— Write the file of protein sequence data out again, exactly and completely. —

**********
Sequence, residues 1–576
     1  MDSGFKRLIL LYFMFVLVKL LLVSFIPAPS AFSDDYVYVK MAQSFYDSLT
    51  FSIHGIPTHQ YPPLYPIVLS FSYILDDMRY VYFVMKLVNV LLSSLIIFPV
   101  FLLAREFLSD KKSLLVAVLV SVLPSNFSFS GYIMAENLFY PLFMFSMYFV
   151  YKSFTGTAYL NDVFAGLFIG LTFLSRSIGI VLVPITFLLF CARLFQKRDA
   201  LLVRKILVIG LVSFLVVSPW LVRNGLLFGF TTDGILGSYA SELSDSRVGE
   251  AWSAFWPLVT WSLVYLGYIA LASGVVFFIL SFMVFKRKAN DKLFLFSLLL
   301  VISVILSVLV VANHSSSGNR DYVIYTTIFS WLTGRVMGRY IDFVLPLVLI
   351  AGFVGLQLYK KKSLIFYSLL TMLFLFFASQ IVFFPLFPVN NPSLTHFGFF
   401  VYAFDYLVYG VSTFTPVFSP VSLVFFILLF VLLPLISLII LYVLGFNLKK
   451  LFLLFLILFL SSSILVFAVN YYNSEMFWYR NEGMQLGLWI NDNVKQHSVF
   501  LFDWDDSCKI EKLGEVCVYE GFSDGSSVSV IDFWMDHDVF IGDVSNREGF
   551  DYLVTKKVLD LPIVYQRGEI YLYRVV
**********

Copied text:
Sequence, residues 1–576
     1  MDSGFKRLIL LYFMFVLVKL LLVSFIPAPS AFSDDYVYVK MAQSFYDSLT
    51  FSIHGIPTHQ YPPLYPIVLS FSYILDDMRY VYFVMKLVNV LLSSLIIFPV
   101  FLLAREFLSD KKSLLVAVLV SVLPSNFSFS GYIMAENLFY PLFMFSMYFV
   151  YKSFTGTAYL NDVFAGLFIG LTFLSRSIGI VLVPITFLLF CARLFQKRDA
   201  LLVRKILVIG LVSFLVVSPW LVRNGLLFGF TTDGILGSYA SELSDSRVGE
   251  AWSAFWPLVT WSLVYLGYIA LASGVVFFIL SFMVFKRKAN DKLFLFSLLL
   301  VISVILSVLV VANHSSSGNR DYVIYTTIFS WLTGRVMGRY IDFVLPLVLI
   351  AGFVGLQLYK KKSLIFYSLL TMLFLFFASQ IVFFPLFPVN NPSLTHFGFF
   401  VYAFDYLVYG VSTFTPVFSP VSLVFFILLF VLLPLISLII LYVLGFNLKK
   451  LFLLFLILFL SSSILVFAVN YYNSEMFWYR NEGMQLGLWI NDNVKQHSVF
   501  LFDWDDSCKI EKLGEVCVYE GFSDGSSVSV IDFWMDHDVF IGDVSNREGF
   551  DYLVTKKVLD LPIVYQRGEI YLYRVV